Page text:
Japan could abandon nuclear power
on 14/09/2012 12:00:56
The proposed new energy policy is a major shift from Japan's decades-long advocacy of nuclear power.
It calls for greater reliance on renewable energy, more conservation and sustainable use of fossil fuels and would see Japan joining Germany in turning its back on nuclear energy.
The new policy requires endorsement by the entire cabinet, and Japanese news reports say it has already agreed to the changes.
Japan began reviewing its energy policy following last year's disaster at the Fukushima Dai-ichi nuclear power plant, which was set off by a massive earthquake and tsunami. Before the accident, the resource-poor country relied on nuclear power for a third of its energy and had planned to raise that to 50% by 2030.
The policy document says: "Based on facing the reality of this grave accident and by learning lessons from the accident, the government has decided to review the national energy strategy from scratch. One of the key pillars of the new strategy is to achieve a society that does not depend on nuclear energy as soon as possible."
Growing anti-nuclear sentiment and mass protests made it difficult for the government and plant operators to restart reactors closed for inspections, and by early May all 50 Japanese reactors had gone offline.
Imports of oil and gas for electricity generation have surged as a result and Japan's trade balance has swung into deficit.
Officials acknowledge many questions remain unanswered, among them how to pay for the costly expansion of renewable energy and how to minimise the environmental impact of a return to heavier use of natural gas and other fossil fuels.
The phase-out of nuclear power by the 2030s is to be achieved mainly by retiring ageing reactors and not replacing them.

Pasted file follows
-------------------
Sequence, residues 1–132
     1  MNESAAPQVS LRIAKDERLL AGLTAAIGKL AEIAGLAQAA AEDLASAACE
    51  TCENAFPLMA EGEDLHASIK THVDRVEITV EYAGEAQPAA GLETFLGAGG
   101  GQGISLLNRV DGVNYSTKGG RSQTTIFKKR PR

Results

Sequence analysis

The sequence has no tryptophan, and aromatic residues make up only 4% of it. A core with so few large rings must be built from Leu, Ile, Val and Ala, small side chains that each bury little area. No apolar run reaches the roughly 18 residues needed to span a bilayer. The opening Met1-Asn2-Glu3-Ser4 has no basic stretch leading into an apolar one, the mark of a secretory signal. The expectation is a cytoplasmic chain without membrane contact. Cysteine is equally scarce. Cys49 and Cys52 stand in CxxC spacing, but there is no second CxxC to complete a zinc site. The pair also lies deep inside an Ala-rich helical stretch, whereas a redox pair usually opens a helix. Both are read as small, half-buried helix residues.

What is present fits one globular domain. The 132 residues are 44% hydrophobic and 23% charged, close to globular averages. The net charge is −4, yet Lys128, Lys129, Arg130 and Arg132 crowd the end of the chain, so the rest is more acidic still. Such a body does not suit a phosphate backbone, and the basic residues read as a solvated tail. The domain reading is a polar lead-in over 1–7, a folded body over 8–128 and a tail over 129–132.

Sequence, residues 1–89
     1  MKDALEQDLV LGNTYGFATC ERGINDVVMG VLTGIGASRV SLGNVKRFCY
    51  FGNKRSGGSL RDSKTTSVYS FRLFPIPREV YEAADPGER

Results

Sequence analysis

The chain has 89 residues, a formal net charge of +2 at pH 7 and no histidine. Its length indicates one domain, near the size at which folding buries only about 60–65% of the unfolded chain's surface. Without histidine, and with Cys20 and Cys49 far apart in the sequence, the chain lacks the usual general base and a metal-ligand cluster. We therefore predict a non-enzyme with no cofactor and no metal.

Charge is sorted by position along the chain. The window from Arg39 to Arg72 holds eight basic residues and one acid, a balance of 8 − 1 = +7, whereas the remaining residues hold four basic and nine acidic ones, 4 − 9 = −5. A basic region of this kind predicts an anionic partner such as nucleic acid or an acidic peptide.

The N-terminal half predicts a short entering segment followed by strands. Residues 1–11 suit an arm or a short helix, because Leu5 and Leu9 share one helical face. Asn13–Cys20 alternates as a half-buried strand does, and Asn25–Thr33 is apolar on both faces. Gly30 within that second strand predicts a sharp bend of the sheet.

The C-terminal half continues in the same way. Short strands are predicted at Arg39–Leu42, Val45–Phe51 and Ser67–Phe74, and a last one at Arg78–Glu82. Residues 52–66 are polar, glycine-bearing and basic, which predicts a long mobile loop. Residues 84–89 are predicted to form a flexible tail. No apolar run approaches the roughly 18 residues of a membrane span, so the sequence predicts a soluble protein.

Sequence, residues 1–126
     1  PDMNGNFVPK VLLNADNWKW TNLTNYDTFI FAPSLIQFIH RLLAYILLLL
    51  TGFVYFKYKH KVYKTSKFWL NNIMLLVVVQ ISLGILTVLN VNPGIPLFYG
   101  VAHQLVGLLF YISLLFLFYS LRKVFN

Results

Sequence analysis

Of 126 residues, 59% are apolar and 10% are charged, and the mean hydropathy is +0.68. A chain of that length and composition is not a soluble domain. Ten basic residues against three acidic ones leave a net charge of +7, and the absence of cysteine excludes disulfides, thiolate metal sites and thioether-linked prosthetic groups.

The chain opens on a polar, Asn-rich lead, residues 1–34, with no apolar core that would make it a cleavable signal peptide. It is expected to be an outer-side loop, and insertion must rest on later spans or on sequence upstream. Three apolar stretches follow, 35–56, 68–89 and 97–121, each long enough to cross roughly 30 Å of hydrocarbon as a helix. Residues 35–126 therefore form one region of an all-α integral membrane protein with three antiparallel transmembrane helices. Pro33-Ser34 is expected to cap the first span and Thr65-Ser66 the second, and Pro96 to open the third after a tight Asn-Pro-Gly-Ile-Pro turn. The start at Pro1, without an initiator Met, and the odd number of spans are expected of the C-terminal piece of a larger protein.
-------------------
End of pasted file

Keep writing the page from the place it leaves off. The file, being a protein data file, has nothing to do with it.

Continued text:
The proposed new policy calls for adhering to a 40-year life span for each reactor and for building no new reactors. It leaves open the possibility of restarting reactors before they are eventually phased out, but only if they have passed strict safety tests and won approval by a newly formed regulatory commission.
"We will launch all possible policy measures to achieve a nuclear-free society by the 2030s," it said. "Until the total phase-out we will only use nuclear reactors that are confirmed safe."
The report was published after the head of a major investigation into the Fukushima disaster defended his report against criticism that his panel avoided blaming individuals and instead attacked elements of the nation's culture.
Kiyoshi Kurokawa, who headed the Fukushima Nuclear Accident Independent Investigation Commission, said in an interview that he was sticking with his view that the catastrophe was "made in Japan".
The report highlighted collusion among nuclear regulators and industry that set off the worst nuclear disaster since Chernobyl.
The commission is under fire for not naming individuals and for statements in the English version of the report that it did not make in the Japanese version.
The English-language version of the report blamed what it called "ingrained conventions of Japanese culture" including "reflexive obedience" and a "reluctance to question authority".